Wish You Were Here? Pink Floyd On Exhibit

by Norm Gregory on May 13, 2017

in Music


The Victoria & Albert Museum’s new exhibition is a psychedelic time capsule of a show devoted to the band Pink Floyd, complete with floating pigs, surreal animations and trippy projections.

But it’s not the visuals, or the group’s experimental and sometimes indulgent music, that marks this out as an ode to a vanished time. It’s the economics.

Pink Floyd was given limitless studio time to create sprawling albums that sold in the tens of millions. The band staged multimedia shows so huge and technically ambitious that the set for one tour took eight days to assemble.

Aubrey ‘Po’ Powell, a founder of the Hipgnosis design team behind Pink Floyd’s most famous album covers, said the exhibition celebrates ‘a 25-year golden period when album sales were through the roof and the industry was awash with money to allow renegades to be able to expand.’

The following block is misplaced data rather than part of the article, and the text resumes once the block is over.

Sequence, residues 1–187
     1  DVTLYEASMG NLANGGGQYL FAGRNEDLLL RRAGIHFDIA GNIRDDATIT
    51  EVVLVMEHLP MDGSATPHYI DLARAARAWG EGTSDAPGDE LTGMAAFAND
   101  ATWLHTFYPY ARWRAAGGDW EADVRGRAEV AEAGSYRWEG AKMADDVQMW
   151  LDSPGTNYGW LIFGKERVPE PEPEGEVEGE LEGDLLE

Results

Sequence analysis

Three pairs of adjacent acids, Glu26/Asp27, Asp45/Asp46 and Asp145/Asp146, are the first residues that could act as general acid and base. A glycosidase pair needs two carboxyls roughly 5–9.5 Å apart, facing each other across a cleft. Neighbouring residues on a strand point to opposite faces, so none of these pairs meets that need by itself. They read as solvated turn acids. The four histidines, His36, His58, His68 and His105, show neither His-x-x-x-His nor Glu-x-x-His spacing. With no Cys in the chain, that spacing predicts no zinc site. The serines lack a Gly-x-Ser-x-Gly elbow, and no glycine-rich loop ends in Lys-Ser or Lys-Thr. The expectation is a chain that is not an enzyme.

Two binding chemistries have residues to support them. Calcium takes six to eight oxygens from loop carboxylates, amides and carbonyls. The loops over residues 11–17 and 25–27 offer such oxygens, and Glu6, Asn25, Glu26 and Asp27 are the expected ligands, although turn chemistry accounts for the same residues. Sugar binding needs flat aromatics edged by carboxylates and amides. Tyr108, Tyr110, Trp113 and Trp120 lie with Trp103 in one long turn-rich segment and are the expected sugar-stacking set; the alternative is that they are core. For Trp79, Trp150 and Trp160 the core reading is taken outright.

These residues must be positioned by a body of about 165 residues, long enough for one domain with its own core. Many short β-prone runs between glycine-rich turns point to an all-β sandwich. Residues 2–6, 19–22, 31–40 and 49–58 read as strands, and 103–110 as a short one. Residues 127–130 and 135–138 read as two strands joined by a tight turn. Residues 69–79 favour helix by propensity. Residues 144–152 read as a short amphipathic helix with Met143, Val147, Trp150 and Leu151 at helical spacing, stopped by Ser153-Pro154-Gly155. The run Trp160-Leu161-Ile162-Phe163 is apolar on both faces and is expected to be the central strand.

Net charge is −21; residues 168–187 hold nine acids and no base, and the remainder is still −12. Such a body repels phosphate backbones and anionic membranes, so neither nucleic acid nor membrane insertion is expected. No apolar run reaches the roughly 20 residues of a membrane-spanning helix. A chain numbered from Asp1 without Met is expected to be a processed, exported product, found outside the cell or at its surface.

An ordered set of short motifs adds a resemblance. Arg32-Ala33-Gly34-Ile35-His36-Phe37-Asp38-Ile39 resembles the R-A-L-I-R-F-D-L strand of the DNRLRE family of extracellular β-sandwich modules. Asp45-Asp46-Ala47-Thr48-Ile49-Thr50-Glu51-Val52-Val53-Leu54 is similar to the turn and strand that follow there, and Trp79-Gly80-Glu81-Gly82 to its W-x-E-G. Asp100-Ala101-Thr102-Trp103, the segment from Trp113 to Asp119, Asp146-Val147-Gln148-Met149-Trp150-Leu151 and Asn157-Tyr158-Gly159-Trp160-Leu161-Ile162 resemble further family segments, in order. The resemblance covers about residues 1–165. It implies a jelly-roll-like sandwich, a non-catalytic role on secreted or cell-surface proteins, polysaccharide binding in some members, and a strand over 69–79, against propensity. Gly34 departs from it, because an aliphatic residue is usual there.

‘The adage that Pink Floyd had was, the art comes first, the money comes later,’ Powell said Tuesday at a preview for the exhibition, which opens today and runs to Oct. 1. ‘It was, ‘Whatever it costs do it, because that’s what we believe in.’ (More via The Columbian.)

1 Gary Burleigh May 13, 2017 at 5:16 pm

Great screen cast concise and comprehensive. I heard many times about Robin Williams stealing jokes from comedians who would appear on our morning show in Nashville while appearing at Zanies the local comic club.

Ricky sang I’m Walkin’ and Teenagers Romance on Ozzie and Harriet after release of his first single on Verve records….

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